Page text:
Much of Lewis's work between World War I and World War II reflects his belief that artists and intellectuals should not be at the mercy of an apathetic, uncultured, and ignorant public His novel Tarr, for example, depicts the title character as a man indifferent to social customs who rises to artistic and economic success in contrast to his less-talented German counterpart Kreisler, who succumbs to public pressures, adopts middle-class social values, and eventually commits suicide. The experimental prose style of Tarr earned Lewis a critical reputation as a groundbreaking writer ranked with James Joyce. Lewis's next literary endeavor, The Man of the World, was a lengthy examination of social and cultural phenomena that eventually was published in parts under the titles The Art of Being Ruled (1926), The Lion and the Fox (1927), Time and Western Man (1927), The Childermass (1928), Paleface (1929), and The Apes of God (1930). These collections of essays, criticism and satirical fiction reveal Lewis's abandonment of his previous influences and his adoption of “The Enemy” persona. Widely divergent in subject matter and merciless in its assessments of such current writers as James Joyce, Ezra Pound, Gertrude Stein, Ernest Hemingway, and Stephen Spender, The Man of the World series, particularly the satirical novel The Apes of God and the essays collected in Time and Western Man alienated Lewis from many of his former supporters. The Art of Being Ruled attacks contemporary society, human relations, and political systems as forced conformity at odds with individual growth and creative freedom. Time and Western Man begins as study of the linear and cyclical time theories of Henri Bergson, Oswald Spengler, and Albert Einstein, but ultimately develops into an assault on almost all contemporary schools of philosophic, artistic, and literary thought. Central to The Man of the World series is Lewis's insistence that people must make conscious decisions rather than surrender to unconscious desires and the influence of the masses. In The Apes of God, Lewis depicts great artists as gods and savagely lampoons lesser artists, patrons, and an uneducated public as apes.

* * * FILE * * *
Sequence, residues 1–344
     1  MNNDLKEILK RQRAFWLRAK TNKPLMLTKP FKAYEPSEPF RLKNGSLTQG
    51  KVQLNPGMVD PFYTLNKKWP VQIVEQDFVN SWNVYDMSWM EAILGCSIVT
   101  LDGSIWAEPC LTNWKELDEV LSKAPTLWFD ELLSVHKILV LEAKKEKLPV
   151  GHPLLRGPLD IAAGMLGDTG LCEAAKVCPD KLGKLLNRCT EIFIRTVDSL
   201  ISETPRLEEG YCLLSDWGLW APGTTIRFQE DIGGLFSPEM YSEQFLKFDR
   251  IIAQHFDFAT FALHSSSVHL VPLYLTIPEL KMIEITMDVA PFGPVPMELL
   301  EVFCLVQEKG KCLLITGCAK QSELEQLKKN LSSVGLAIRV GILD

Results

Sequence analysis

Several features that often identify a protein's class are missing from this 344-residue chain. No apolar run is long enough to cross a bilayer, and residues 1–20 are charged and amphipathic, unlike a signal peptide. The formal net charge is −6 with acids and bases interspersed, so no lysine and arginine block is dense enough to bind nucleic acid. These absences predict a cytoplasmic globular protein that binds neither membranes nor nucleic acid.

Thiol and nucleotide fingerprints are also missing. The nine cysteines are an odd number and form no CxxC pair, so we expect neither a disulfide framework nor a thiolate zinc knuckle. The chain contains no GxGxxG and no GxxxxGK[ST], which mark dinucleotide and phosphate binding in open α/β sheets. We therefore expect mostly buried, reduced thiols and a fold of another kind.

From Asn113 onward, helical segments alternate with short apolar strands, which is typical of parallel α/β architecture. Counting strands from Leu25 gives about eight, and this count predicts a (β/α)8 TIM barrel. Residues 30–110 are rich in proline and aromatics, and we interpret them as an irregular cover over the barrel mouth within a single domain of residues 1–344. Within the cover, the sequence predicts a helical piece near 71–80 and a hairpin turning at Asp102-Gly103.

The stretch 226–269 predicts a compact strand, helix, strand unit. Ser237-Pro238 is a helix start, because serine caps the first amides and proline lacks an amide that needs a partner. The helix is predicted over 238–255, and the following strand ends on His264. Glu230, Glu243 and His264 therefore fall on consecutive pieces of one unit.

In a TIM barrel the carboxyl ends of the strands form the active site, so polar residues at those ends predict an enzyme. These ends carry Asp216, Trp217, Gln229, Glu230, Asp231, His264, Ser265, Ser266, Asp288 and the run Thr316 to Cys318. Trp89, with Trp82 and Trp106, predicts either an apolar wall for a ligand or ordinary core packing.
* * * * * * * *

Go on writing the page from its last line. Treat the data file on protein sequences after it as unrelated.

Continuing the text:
In 1930, Lewis received a commission from Time and Tide magazine to cover Germany's National Socialist movement, resulting in his fascination with Fascism as the preferred alternative to democracy and communism because it alone, he believed, elevated the social position of artists and intellectuals. These ideas were reported in his book Hitler (1931) and furthered by Lewis's association with such Fascist sympathizers as Sir Oswald Mosley during the 1930s and the works urging England to avoid war with Germany: Left Wings over Europe (1936) and Count Your Dead: They Are Alive! (1937). By 1939, however, Lewis withdrew his support for Hitler in The Hitler Cult (1939) and The Jews, Are They Human? (1939). Lewis also wrote a series of novels in his later years that serve as an apologia for the arrogance and cruelty evidenced in much of his earlier works. Such works as The Revenge for Love (1937), The Vulgar Streak (1941), and Self Condemned (1954) are noted for their humanity and sensitivity. Near the end of his life, Lewis finished the trilogy The Human Age, which included the novels The Childermass, Malign Fiesta (1956), and Monstre Gai (1956). Set in the afterlife, The Human Age is a surrealistic and obscure examination of the sufferings of an artist, who must remain detached from human experience in order to portray it.